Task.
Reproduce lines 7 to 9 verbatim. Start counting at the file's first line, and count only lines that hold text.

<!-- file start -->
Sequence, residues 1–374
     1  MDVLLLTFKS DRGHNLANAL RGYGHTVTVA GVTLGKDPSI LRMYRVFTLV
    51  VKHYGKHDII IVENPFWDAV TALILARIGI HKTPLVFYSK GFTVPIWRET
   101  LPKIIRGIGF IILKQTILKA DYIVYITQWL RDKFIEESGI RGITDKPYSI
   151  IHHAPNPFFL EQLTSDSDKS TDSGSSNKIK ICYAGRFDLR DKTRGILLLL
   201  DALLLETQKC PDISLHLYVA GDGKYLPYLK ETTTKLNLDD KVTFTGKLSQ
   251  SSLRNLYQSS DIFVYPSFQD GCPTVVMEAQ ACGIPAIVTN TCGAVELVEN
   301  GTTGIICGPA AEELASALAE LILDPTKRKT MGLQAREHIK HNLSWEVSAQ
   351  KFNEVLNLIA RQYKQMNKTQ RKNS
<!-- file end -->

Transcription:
   251  SSLRNLYQSS DIFVYPSFQD GCPTVVMEAQ ACGIPAIVTN TCGAVELVEN
   301  GTTGIICGPA AEELASALAE LILDPTKRKT MGLQAREHIK HNLSWEVSAQ
   351  KFNEVLNLIA RQYKQMNKTQ RKNS